"Can on exaggerate the horrors of trench life? Many have supposedly done so and been reprimanded by others for producing in their accounts nothing other than ‘mud and blood’ sensationalism. Some veterans of the Great War never experienced an attack; some never even saw the enemy, despite lengthy front-line duty; a few survived the whole war without more than a few scratches. Some parts of the front were indeed very quiet. Some men never lost their sense of romance and adventure. Some never lost their sense of humor. Thus, to concentrate on the horror of Verdun, the Somme, and Ypres, say the critics, is to distort the reality of the war. Even in these sectors, which were not, they claim, the norm, massive artillery bombardments and attacks were rare. Most of the time men were occupied by the humdrum problems of trench existence and essentially by boredom.
Part of the problem in this debate is a matter of definition and semantics. What sort of experience does one classify under ‘horror’ and what constitutes ‘boredom’? Cannot one man’s horror be another man’s boredom, and vice versa? If one insists that horror is the sensation aroused solely by the unexpected contradiction of values and conditions that bestow meaning on life, and that in turn boredom is the inevitable upshot of routine, even of routine slaughter, then the question can never be resolved, because no sense of horror, even one caused by this war, can remain constant. After several weeks of frontline experience there was little that could shock. Men became immunized rather rapidly, to the brutality and obscenity. They had to if they were to survive. As Fritz Kreisler, violinist and Austrian infantry-man, put it:
'A certain fierceness arises in you, an absolute indifference to anything the world holds except your duty of fighting. You are eating a crust of bread, and a man is shot dead in the trench next to you. You look calmly at him for a moment, and then go on eating your bread. Why not? There is nothing to be done. In the end you talk of your own death with as little excitement as you would of a luncheon engagement.'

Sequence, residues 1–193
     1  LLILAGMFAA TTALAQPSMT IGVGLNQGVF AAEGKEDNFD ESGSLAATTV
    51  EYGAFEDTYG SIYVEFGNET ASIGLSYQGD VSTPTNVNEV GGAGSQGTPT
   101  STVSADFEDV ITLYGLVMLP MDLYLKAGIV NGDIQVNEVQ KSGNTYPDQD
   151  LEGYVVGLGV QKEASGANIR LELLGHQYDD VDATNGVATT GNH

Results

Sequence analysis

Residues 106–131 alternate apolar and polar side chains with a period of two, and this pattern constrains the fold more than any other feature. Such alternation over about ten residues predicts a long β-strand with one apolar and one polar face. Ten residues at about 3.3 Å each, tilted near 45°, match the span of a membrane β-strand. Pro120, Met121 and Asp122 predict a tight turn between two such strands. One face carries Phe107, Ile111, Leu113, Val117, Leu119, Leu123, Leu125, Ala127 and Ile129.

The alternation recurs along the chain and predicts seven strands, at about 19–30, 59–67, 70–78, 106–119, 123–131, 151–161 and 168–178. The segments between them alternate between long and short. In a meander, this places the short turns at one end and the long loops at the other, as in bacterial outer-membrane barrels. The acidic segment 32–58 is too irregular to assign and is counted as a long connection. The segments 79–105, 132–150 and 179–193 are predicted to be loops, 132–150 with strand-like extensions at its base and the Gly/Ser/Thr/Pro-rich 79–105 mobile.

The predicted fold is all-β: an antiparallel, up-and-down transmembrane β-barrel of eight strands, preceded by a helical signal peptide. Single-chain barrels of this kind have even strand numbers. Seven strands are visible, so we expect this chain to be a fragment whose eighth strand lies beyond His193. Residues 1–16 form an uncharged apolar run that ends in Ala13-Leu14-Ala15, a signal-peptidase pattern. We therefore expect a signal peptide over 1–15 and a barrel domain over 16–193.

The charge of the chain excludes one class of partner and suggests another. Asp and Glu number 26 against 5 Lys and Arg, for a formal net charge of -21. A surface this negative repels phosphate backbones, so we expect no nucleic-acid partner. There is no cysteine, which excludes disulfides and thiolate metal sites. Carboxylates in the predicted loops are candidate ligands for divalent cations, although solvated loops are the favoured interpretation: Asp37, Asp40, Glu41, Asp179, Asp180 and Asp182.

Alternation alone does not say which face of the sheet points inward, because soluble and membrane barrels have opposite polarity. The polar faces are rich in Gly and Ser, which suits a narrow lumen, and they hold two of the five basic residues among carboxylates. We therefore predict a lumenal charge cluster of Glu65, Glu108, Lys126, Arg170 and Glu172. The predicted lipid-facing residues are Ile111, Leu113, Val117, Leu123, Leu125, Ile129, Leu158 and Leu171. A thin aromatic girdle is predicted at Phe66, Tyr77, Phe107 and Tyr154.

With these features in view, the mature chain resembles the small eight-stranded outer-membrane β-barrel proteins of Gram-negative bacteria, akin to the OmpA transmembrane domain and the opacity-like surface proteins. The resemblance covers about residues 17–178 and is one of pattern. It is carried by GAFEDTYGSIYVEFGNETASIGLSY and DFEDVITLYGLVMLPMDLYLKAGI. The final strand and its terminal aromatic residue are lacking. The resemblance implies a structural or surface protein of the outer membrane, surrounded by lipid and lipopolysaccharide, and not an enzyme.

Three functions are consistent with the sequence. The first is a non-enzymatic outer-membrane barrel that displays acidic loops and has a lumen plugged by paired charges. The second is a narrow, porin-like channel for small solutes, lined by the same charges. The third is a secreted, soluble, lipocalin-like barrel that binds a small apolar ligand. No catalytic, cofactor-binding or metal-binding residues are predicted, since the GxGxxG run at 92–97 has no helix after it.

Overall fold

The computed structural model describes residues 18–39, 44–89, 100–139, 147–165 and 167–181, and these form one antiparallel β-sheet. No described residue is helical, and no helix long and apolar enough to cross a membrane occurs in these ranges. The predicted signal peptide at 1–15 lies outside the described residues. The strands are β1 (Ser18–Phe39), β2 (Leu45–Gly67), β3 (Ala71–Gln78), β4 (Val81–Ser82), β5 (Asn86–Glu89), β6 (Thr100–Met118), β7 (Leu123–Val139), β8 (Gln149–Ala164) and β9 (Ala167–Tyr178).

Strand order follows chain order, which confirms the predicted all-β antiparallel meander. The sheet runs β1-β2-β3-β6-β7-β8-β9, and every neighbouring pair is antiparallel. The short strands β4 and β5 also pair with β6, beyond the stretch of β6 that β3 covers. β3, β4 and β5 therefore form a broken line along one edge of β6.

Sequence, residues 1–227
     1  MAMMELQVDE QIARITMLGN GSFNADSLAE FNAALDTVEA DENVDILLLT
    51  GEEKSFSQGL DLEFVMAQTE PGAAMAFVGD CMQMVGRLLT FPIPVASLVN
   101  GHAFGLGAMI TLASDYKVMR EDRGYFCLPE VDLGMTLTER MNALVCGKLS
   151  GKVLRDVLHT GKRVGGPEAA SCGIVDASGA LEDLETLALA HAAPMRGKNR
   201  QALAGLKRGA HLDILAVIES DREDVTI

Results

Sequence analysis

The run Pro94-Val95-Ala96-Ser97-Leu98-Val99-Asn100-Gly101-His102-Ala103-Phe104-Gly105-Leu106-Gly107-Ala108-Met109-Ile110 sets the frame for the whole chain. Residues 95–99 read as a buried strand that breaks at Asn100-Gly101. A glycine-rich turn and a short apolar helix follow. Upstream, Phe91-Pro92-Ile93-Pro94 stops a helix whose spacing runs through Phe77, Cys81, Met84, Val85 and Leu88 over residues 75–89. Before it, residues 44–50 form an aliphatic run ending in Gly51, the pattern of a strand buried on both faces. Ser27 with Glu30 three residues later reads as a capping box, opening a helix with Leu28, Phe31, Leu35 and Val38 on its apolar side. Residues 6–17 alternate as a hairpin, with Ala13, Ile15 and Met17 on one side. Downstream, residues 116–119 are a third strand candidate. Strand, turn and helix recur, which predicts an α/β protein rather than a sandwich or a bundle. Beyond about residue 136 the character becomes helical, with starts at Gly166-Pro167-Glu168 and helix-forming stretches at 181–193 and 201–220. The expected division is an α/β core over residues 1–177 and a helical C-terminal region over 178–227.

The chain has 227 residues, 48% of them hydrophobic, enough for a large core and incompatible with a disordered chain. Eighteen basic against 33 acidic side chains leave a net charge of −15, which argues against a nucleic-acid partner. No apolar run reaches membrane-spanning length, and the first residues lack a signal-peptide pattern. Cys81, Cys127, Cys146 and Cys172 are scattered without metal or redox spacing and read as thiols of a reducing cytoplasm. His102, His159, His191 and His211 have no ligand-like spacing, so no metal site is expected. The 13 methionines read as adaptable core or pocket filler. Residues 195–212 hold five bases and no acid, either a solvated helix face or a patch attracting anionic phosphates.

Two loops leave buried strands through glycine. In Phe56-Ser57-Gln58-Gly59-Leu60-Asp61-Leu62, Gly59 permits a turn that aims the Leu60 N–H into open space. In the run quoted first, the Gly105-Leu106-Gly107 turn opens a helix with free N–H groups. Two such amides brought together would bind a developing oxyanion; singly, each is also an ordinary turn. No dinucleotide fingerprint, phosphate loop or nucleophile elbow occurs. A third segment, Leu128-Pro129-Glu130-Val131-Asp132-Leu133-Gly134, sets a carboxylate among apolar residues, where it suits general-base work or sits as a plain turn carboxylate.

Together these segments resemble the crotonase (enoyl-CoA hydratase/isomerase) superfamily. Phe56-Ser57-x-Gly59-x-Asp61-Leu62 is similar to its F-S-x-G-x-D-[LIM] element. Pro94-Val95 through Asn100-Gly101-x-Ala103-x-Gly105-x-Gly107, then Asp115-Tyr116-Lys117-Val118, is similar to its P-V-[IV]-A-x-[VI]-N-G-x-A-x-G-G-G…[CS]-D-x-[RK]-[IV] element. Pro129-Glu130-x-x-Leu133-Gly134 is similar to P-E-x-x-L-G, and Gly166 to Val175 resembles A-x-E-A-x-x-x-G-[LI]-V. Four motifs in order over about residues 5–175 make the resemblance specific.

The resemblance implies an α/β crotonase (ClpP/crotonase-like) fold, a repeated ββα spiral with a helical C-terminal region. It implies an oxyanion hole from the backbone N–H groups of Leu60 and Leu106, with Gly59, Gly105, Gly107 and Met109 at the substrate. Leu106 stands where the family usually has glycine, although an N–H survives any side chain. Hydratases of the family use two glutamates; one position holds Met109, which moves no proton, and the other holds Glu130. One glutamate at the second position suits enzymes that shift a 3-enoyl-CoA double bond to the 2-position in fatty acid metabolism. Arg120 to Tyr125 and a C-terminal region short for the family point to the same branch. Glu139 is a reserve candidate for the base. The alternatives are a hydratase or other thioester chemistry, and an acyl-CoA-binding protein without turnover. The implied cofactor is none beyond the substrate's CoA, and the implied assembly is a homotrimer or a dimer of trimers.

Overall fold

And John W. Harvey, a Quaker from Leeds who was with the Friends’ Ambulance Unit, wrote from Ypres, ‘I am having a wearing time amid sights that would be too full of horrors and pity to bear but for human nature’s capacity to get hardened by familiarity to anything.’
Hence, even horror can turn to routine and bring on ennui - the sense that one has seen it all before and that existence no longer holds any surprises. ‘There is nothing left in your mind,’ continued Kreisler, ‘but the fact that hordes of men to whom you belong are fighting against other hordes, and your side must win.’
Even when things seemed quiet, the casualties continued to accumulate - from sniper activity, from random artillery fire designed to keep the enemy on edge, and from accidents. It was this attrition, precisely when nothing of any consequence seemed to be happening, that horrified some soldiers the most. Death seemed totally without purpose. In the war diaries of army units there is often a terrible irony lodged in the terse one-line reports for the day’s activity: ‘All quiet. Three casualties.’ As the anguished American ambassador put it in a letter from London, ‘When there’s nothing to report from France, that means the regular 5,000 casualties that happen every day.’
The dichotomy set up in the ‘horror versus boredom’ debate is a false one. What is crucial is the broader significance of the 1916-1917 phase of the war, its relationship to previous forms of warfare, to expectations and values; and here it is hard to deny that the ‘front’ experience of 1916-1917 was indeed a ‘frontier’ experience, and experience of something that was, in its implications, completely new. Of course soldiers continued to classify sensations according to previously existing categories - this was an instinctive reaction - but the actual experience as a whole was crucial, and that, in its broader context, was novel.
With time the former categories and the accepted relationship of the war to previous history wore thin and collapsed. The rate of this deterioration varied among the belligerents and among people, depending on the resilience and resonance of existing values, but everywhere, even if only in the postwar period, in the cauldron where purpose, memory, and outcome brewed together, the validity of former categories disintegrated.”
-Modris Eksteins, Rites of Spring: The Great War and the Birth of the Modern Age.